Editors’ Picks: 22 Things Not to Miss in New York’s Art World This Week

As always, there's a lot to see. Let us guide you through your many options.

Photography of posters from Ernie Wolfe's book Extreme Canvas 1. Photo by Ola Baldych, courtesy of Poster House.
Photography of posters from Ernie Wolfe's book Extreme Canvas 1. Photo by Ola Baldych, courtesy of Poster House.

Each week, we search New York City for the most exciting and thought-provoking shows, screenings, and events. See them below. 

 

Tuesday, October 15

Storm King president John Stern speaks at the Storm King Art Center's fifth annual Gala Dinner and Live Auction at the Four Seasons Restaurant in New York. Photo: Benjamin Lozovsky, courtesy BFAnyc.com.

Storm King president John Stern speaks at the Storm King Art Center’s fifth annual Gala Dinner
and Live Auction at the Four Seasons Restaurant in New York. Photo by Benjamin Lozovsky, courtesy BFA.

1. “Storm King Art Center Annual Gala and After Party” at the Rainbow Room

As always, Storm King’s big fall fundraiser at the Rainbow Room will feature stunning views of Manhattan from 65 floors up at 30 Rock. The evening will honor artist Lynda Benglis, who had a 2015 show at the massive sculpture park, and Nancy Nasher, daughter of Raymond Nasher, who lent his name to the Nasher Museum of Art at Duke University and the Nasher Sculpture Center in Dallas, both of which she helped him found. For the third year running, there’s also an after party, with music from the art world’s favorite DJ, April Hunt.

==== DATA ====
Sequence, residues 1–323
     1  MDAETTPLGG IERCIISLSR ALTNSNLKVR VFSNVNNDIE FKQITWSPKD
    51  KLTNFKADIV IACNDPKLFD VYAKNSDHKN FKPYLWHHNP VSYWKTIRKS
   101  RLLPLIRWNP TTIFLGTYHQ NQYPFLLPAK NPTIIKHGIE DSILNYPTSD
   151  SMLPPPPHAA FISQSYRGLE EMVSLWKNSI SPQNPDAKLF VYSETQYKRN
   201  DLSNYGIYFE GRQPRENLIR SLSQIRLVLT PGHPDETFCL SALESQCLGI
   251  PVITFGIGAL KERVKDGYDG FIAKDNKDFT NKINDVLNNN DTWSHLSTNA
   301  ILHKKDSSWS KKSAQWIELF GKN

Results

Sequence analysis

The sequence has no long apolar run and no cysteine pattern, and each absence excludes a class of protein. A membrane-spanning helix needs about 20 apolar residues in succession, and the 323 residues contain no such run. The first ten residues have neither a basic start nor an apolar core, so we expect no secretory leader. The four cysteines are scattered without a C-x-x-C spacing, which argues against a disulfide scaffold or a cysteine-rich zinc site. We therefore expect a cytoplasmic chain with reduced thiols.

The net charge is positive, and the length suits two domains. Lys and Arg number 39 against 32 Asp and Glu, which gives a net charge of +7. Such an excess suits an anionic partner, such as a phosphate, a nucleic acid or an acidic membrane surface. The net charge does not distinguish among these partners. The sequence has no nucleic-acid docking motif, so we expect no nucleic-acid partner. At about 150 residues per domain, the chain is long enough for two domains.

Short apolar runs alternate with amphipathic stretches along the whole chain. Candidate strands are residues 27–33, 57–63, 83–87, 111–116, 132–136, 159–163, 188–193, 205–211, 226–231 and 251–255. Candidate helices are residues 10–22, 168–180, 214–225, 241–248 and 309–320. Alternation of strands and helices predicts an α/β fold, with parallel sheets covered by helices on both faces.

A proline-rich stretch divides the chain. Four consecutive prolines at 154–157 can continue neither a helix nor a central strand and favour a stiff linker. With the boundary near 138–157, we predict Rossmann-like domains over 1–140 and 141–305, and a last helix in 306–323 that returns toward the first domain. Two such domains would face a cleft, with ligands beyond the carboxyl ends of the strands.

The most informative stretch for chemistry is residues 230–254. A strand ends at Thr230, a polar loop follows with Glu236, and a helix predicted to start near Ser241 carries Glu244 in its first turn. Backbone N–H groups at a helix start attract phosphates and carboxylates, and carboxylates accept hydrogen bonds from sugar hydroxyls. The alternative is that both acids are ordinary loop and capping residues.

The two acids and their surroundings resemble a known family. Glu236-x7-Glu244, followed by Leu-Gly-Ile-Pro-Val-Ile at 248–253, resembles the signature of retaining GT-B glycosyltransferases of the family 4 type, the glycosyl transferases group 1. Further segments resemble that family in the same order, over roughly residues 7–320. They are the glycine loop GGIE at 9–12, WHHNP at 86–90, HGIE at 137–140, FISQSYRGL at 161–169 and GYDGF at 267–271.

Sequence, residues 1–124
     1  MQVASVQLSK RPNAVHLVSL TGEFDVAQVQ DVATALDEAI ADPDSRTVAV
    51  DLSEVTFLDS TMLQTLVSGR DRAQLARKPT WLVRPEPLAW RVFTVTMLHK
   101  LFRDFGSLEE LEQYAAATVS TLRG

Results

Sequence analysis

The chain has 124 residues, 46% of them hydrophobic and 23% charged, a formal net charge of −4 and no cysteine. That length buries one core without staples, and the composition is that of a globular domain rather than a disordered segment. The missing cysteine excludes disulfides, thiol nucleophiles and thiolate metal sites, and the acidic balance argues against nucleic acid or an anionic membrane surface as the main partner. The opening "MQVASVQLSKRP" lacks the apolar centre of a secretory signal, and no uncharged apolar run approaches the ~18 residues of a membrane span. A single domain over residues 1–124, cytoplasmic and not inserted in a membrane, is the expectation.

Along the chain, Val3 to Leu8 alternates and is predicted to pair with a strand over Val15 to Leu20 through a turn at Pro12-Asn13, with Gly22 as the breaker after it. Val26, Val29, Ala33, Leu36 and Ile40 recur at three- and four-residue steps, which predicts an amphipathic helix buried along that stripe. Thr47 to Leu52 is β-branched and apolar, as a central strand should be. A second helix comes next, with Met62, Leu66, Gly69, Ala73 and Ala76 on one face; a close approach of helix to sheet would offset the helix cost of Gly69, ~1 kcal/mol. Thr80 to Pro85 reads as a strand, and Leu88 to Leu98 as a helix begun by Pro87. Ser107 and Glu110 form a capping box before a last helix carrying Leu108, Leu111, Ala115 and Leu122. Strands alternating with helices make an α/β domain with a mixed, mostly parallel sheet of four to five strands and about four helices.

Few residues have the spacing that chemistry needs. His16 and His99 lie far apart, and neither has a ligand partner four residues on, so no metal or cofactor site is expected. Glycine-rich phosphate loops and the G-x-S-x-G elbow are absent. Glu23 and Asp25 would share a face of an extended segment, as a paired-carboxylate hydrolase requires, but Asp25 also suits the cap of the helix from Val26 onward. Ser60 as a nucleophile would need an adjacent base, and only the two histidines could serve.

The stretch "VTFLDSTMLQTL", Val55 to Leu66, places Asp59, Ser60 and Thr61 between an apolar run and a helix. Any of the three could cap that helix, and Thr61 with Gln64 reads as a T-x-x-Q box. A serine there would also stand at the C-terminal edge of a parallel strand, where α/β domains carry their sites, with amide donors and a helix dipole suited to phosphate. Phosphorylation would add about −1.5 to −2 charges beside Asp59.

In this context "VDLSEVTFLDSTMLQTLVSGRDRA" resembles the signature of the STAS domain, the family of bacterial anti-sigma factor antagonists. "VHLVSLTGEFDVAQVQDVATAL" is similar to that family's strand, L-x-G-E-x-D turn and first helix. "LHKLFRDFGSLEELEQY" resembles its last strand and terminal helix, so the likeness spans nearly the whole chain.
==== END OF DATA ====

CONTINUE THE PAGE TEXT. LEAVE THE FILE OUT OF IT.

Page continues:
Location: The Rainbow Room, 30 Rockefeller Plaza
Price: After party $200
Time: Cocktails, 6:30 p.m.; dinner, 7:30 p.m.; after party, 9 p.m.

—Sarah Cascone

Take Home a Nude for the New York Academy of Art at Sotheby's New York. Courtesy of BFA.

Take Home a Nude for the New York Academy of Art at Sotheby’s New York. Courtesy of BFA.

2. “The New York Academy of Art’s Take Home a Nude Art Auction + Party” at Sotheby’s

One of the most reliably enjoyable art world galas, Take Home a Nude is known for its surprisingly high-stakes silent auction—exotically clad stilt walkers appear periodically to warn guests when the bidding is about to close in each room, and the food and drink are reliably excellent. You can bring home works by well-known artists as well as New York Academy of Art students, including works drawn from live models at Will Cotton’s annual Take Home a Nude drawing party. This year’s edition honors painter Dana Schutz, who’ll be offering a new work for the occasion.